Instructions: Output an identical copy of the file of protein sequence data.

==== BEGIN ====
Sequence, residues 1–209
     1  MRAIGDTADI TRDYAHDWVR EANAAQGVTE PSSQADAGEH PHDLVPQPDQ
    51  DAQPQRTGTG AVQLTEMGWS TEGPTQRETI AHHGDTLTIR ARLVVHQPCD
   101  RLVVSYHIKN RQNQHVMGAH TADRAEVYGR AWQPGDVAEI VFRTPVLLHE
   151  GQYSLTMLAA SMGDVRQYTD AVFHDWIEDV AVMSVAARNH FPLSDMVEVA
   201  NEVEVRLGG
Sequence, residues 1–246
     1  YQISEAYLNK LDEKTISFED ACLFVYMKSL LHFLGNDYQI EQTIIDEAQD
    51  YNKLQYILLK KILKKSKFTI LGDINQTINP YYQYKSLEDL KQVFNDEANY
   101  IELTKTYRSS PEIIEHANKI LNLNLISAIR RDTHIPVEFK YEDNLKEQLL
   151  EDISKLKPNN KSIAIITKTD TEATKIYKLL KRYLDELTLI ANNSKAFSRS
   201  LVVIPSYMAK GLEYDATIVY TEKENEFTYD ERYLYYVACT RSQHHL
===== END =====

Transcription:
Sequence, residues 1–209
     1  MRAIGDTADI TRDYAHDWVR EANAAQGVTE PSSQADAGEH PHDLVPQPDQ
    51  DAQPQRTGTG AVQLTEMGWS TEGPTQRETI AHHGDTLTIR ARLVVHQPCD
   101  RLVVSYHIKN RQNQHVMGAH TADRAEVYGR AWQPGDVAEI VFRTPVLLHE
   151  GQYSLTMLAA SMGDVRQYTD AVFHDWIEDV AVMSVAARNH FPLSDMVEVA
   201  NEVEVRLGG
Sequence, residues 1–246
     1  YQISEAYLNK LDEKTISFED ACLFVYMKSL LHFLGNDYQI EQTIIDEAQD
    51  YNKLQYILLK KILKKSKFTI LGDINQTINP YYQYKSLEDL KQVFNDEANY
   101  IELTKTYRSS PEIIEHANKI LNLNLISAIR RDTHIPVEFK YEDNLKEQLL
   151  EDISKLKPNN KSIAIITKTD TEATKIYKLL KRYLDELTLI ANNSKAFSRS
   201  LVVIPSYMAK GLEYDATIVY TEKENEFTYD ERYLYYVACT RSQHHL